In addition, hardened plaques can rupture, causing blood clots to form. A blood clot blocking a coronary artery is another cause of heart attack. Furthermore, a piece of plaque can break off into the bloodstream and become lodged in an artery. A heart weakened by reduced blood flow from plaque build-up is also prone to heart failure.

FDA-Approved Heart Health Claim

The FDA has approved the use of a health claim for beta-glucan derived from the following sources: oat bran, rolled oats, whole oat flour, oatrim, whole grain barley, dry milled barley, and barley betafiber. Consuming 3 grams or more per day of oat or barley beta-glucans is associated with a reduced risk of coronary heart disease. 

To make the health claim, a food product must contain at least 0.75 grams of beta-glucan soluble fiber per reference amount customarily consumed (RACC) of that food and be low in saturated fat and cholesterol. The food must also be low in fat unless it exceeds this fat level due to the fat contribution from whole oat sources.

Model heart health claims for beta-glucan:5
1) Soluble fiber from foods such as [soluble fiber source], as part of a diet low in saturated fat and cholesterol, may reduce the risk of heart disease. A serving of [name of food] supplies ____ grams of the 3 grams of soluble fiber from [soluble fiber source] necessary per day to have this effect. 
-OR-            
Beta-glucan soluble fiber from foods such as [soluble fiber source], as part of a diet low in saturated fat and cholesterol, may reduce the risk of heart disease. A serving of [name of food] supplies ____ grams of the 3 grams of beta-glucan soluble fiber from [soluble fiber source] necessary per day to have this effect.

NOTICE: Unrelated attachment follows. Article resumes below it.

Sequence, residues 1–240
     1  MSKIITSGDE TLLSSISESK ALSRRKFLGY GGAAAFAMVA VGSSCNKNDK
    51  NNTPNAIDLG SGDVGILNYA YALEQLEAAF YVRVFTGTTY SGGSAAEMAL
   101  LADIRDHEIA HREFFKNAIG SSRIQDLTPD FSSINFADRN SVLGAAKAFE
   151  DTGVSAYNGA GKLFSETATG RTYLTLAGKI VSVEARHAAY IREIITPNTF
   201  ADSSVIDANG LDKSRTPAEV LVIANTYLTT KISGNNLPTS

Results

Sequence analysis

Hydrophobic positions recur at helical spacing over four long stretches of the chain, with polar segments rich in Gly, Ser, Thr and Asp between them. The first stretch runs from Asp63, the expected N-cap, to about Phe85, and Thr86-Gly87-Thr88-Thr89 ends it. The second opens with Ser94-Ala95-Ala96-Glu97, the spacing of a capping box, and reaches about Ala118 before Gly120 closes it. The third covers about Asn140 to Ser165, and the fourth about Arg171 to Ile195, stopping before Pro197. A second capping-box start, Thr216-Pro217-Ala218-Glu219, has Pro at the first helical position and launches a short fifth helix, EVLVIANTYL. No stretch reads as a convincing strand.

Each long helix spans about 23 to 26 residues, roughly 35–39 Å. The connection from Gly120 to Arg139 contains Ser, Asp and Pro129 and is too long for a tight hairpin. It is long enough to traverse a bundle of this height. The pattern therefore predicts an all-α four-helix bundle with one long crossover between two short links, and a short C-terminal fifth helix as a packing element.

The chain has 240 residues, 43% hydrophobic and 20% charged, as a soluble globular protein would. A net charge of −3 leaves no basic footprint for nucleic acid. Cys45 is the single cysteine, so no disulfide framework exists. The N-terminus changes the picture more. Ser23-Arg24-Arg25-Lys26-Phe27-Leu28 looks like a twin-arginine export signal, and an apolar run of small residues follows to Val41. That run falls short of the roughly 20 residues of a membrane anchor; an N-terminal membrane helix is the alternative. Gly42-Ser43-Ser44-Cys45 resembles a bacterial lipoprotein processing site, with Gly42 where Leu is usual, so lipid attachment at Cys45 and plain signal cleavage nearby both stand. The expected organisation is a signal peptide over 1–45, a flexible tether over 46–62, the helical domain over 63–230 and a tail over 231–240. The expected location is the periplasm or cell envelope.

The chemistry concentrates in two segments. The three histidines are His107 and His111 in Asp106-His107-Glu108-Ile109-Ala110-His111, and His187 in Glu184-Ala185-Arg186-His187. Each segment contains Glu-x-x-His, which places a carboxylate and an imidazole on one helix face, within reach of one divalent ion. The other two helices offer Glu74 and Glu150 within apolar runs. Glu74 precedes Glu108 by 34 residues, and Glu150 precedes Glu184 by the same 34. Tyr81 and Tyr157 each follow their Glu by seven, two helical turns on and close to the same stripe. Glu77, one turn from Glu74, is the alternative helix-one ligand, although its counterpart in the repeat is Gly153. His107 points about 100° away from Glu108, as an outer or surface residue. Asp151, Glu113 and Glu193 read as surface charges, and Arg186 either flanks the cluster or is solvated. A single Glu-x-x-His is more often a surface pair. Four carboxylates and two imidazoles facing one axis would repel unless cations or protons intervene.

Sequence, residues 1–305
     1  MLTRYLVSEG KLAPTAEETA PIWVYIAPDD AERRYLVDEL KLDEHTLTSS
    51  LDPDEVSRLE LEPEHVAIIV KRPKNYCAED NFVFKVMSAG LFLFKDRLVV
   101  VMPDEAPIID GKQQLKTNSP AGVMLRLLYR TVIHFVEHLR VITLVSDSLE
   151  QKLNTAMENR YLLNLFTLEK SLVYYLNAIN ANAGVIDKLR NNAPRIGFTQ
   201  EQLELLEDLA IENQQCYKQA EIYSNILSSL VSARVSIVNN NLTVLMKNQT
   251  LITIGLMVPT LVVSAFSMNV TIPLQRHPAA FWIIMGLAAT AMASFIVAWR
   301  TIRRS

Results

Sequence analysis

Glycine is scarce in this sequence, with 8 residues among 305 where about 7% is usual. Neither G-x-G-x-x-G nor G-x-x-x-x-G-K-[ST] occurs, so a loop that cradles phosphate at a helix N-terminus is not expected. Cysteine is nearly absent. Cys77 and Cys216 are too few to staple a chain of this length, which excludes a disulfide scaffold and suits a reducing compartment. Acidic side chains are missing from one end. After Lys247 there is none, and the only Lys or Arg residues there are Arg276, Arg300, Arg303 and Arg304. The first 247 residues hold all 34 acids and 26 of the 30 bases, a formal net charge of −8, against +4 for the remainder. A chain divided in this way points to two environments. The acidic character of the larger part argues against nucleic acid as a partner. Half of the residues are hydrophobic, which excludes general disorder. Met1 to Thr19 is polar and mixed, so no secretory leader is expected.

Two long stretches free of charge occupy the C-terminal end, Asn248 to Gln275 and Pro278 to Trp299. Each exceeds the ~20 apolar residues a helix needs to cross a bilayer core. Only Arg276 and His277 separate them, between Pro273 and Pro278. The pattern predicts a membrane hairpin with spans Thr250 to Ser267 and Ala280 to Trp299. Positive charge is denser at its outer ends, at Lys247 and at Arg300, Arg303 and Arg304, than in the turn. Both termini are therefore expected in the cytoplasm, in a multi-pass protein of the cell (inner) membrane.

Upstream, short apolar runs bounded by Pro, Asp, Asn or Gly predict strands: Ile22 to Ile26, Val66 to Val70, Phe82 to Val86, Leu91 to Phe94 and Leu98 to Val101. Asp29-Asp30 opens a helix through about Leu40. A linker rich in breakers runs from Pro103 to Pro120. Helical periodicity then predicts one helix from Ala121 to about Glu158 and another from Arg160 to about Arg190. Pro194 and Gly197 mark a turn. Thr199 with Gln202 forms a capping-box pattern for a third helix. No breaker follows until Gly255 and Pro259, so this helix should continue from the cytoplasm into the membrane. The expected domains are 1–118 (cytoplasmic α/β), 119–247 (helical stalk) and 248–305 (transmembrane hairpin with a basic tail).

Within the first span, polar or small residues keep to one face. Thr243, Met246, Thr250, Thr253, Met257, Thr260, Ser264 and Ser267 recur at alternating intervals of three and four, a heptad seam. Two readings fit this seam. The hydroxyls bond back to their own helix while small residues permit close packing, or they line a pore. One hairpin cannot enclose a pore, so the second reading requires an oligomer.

2) Diets low in saturated fat and cholesterol that include 3 grams of soluble fiber per day from [soluble fiber source] may reduce the risk of heart disease. One serving of [name of food] provides ____ grams of this soluble fiber.               
-OR-                                                                                          
Diets low in saturated fat and cholesterol that include 3 grams of beta-glucan soluble fiber per day from [soluble fiber source] may reduce the risk of heart disease. One serving of [name of food] provides ____ grams of beta-glucan soluble fiber.

The claim also allows certain additional information to be included if desired. The claim can specify that the relationship between beta-glucan intake and the reduced risk of heart disease is through the intermediate link of blood cholesterol (or total and LDL cholesterol). Furthermore, the health claim may include the number of people in the U.S. who have heart disease as long as it is current information, the source is identified, and the information is taken from the National Center for Health Statistics (NIH) or "Nutrition and Your Health: Dietary Guidelines for Americans" (USDA and DHHS).

Applications in Bakery Products